Press reaction in the UK to the album was mixed. Sounds lauded Islands for its "rare sense of ease and grace," hailing it as a "Great Leap Forward”. Melody Maker’s Richard Williams also regarded the album as something of a departure, congratulating Crimson on the summery warmth of "Formentera Lady". "At this point," Williams warned the potential buyer, "you may even be wondering if the shop assistant gave you the right album. But you'll be enjoying it." The New Musical Express heaped praise upon Formentera Lady, saying “Peter Sinfield wrote the song after the inspiration of summer holiday on the Spanish island and, while his lyrics provoke the feeling of dusty roads and sun charred villas, Fripp’s lengthy coda at the end lifts the piece out of the context of the island and Spain and into its place in the cosmos. It’s an evocative piece.” However, the reviewer offers this verdict: “Islands confirms a growing belief that Crimson have evolved into a skillful but somehow cold and dispassionate band. Warmth is what’s needed.”

"Heaven's sea" as mentioned in the title track was also given a graphic depiction on the album sleeve. Having previously involved another artist in the commissioning of album covers, Peter Sinfield was the sole executor of that task. In the UK the album was presented in an unmarked single sleeve with a photograph of the Trifid Nebula in the constellation of Sagittarius.

The inner cream-coloured gatefold featured delicate islands created by Sinfield's patented method of food dye on blotting paper. Inside there was a Sinfield collage of five individual portraits and three group shots of the band in concert, the first time any band photographs had ever appeared on a King Crimson album sleeve.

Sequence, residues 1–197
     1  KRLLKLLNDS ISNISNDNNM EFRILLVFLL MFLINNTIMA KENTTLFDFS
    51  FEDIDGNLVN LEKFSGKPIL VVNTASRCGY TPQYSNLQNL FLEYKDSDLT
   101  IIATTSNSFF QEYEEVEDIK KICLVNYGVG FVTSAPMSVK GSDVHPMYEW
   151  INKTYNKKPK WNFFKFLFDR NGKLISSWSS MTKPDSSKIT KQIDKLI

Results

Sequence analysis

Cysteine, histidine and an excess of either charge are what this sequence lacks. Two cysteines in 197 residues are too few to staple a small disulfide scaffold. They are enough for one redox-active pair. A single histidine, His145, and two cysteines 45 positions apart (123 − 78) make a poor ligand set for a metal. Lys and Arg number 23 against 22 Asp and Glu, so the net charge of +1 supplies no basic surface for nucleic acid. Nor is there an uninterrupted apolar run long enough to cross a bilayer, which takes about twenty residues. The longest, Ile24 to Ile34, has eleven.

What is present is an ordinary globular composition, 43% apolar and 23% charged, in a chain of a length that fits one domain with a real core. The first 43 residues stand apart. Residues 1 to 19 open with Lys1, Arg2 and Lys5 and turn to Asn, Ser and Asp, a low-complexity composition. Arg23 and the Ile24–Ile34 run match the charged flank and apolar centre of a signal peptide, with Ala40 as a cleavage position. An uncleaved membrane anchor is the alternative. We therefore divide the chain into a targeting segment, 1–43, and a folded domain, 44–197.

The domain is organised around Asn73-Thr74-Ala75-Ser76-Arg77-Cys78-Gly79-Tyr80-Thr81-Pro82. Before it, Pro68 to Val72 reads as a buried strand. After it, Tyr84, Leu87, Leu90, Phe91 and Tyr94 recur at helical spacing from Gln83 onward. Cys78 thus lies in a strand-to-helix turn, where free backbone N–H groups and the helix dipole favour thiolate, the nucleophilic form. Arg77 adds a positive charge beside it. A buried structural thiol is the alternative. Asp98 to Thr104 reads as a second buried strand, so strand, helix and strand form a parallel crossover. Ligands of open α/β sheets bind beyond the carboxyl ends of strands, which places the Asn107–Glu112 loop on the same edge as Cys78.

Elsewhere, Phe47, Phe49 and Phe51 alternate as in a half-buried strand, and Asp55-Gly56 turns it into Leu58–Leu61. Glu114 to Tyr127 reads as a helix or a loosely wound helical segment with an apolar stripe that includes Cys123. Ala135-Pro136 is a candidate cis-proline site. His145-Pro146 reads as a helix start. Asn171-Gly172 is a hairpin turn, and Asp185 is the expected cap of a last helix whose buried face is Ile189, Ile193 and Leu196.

Following his remix of the album in 2010 as part of the 40th Anniversary series, Steven Wilson noted, “I always thought of Lizard and Islands as being of a pair in a way but when you sit down and start working with the tapes, you realise they are completely different things, mainly because of the economy and the space in the recording of Islands. It has a quiet, stately beauty and elegance about it that you do appreciate the more you hear it. With Islands, you’ve got the two tracks at either end of the record which are very spacious and jazz-like, and then you’ve got probably the most macho thing King Crimson ever did in the middle of the record followed by an orchestral piece! It’s possibly the most diverse record they ever made.”

The 40th-anniversary edition series release of Islands in 2010 contained 90 minutes of additional material, the vast majority of it previously unreleased, including many studio takes mixed from the original recording sessions specifically for this release. The material covers everything from early rehearsals of Pictures of a City (one of the final new songs performed by the 1969 lineup) to the previously unheard A Peacemaking Stint Unrolls (showcasing early ideas & elements that would appear in a fully realised form on Larks' Tongues In Aspic and Starless And Bible Black), a fragment of Fripp playing the title track on mellotron, a blistering Sailor's Tale live from the Zoom Club and many more previously unreleased gems.

The complete Islands sessions are available to download here.

Sid Smith wrote about the making of the album in greater detail for Prog magazine.

Click here to read the article